U.S. stocks were sharply lower Monday as fears over the spread of a deadly outbreak of coronavirus rattled investors.
The Dow Jones industrial average dropped 435 points. The Standard & Poor’s 500 slid 1.5% and the technology-heavy Nasdaq Composite shed 1.8%.
Investor fears grew overnight on the potential economic fallout from the outbreak. The death toll in China has climbed to 81, according to Chinese officials. The National Health Commission said more than 2,700 people are infected. More than 40 of those cases have been confirmed in a dozen other countries, including five in the U.S.
The latest developments sent stocks tumbling overnight, with Japan’s Nikkei 225 losing 2%. Most markets in Asia were closed for the Lunar New Year. The pan-European Stoxx 600 fell 2.3% while Germany’s DAX slumped 2.7%.
“The coronavirus is the number one threat to financial markets currently as global investors are becoming jittery on the uncertainty,” Nigel Green, chief executive and founder of financial consultancy deVere Group, said in a note.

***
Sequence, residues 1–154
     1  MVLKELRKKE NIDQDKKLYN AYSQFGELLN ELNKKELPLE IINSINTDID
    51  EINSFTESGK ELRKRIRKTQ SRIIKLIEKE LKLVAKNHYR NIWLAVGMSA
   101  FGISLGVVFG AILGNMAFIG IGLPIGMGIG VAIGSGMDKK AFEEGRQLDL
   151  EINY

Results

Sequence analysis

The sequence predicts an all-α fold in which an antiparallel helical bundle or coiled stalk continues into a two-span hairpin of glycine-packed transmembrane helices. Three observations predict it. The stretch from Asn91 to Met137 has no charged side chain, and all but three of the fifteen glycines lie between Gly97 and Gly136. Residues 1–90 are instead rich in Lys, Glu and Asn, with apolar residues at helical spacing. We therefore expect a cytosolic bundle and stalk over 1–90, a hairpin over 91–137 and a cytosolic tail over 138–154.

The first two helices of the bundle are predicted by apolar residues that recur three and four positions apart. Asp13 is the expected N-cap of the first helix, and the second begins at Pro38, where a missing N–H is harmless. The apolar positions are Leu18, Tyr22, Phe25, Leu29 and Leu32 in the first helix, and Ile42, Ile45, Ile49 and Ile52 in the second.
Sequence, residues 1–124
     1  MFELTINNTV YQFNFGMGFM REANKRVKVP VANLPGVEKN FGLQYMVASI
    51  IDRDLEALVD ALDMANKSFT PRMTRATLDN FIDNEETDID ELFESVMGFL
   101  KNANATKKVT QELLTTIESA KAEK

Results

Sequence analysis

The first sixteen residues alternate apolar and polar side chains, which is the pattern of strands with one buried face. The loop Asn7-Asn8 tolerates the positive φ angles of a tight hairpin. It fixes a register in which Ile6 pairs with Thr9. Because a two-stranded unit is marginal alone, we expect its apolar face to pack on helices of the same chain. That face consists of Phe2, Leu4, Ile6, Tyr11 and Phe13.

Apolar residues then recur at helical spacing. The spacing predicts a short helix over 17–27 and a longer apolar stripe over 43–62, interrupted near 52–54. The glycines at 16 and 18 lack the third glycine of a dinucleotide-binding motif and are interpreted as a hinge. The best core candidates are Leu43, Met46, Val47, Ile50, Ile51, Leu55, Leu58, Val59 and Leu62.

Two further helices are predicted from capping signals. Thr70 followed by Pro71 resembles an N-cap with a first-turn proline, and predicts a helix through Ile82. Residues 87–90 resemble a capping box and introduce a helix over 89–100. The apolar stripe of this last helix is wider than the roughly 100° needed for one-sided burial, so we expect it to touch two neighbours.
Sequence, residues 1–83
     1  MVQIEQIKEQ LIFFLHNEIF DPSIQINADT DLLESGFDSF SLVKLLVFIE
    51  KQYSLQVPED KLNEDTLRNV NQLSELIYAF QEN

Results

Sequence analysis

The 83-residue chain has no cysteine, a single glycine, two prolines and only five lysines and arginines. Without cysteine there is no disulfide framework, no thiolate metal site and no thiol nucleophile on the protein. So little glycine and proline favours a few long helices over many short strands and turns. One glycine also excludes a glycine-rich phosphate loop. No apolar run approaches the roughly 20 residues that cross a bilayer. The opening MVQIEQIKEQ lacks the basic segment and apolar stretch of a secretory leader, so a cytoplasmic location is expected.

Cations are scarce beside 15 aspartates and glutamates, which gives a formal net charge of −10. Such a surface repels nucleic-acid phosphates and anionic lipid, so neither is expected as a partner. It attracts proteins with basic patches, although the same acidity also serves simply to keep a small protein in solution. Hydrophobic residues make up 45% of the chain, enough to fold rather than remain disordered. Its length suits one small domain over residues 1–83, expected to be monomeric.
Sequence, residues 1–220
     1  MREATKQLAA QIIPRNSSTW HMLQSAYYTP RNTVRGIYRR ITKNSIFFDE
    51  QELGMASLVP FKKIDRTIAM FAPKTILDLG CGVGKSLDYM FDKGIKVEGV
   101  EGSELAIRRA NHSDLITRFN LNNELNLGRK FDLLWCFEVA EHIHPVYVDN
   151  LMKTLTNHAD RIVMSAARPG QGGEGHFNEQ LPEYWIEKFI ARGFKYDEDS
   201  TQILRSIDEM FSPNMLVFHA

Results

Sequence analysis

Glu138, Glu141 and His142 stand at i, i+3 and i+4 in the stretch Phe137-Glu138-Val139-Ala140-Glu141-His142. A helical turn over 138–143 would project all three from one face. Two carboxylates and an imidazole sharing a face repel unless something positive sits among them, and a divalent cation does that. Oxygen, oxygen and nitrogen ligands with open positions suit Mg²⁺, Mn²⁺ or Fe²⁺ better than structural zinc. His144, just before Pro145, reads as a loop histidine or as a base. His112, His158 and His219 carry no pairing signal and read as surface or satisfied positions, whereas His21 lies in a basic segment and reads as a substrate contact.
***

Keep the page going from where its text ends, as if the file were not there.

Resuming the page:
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Travel-related stocks including Carnival Expedia and Marriott International each dropped at least 4%.
While travel and retail stocks will likely come under further pressure, most investors who have a diversified portfolio should still avoid knee-jerk reactions to the latest coronavirus news, he cautioned.
“History teaches us that most issues of this kind have a short-term impact on stock markets,” Green says.
Investors have shifted money to safe-haven corners of the market like high-dividend paying stocks, the Japanese yen and government bonds.
The yield on the benchmark U.S. 10-year Treasury note fell to 1.61%. The dollar fell to 108.94 Japanese yen.
Oil prices fell, weighing on energy stocks. U.S. crude dropped 2.5% to $52.85 per barrel. Brent crude, the international benchmark, slid 2.7% to $59.04 a barrel.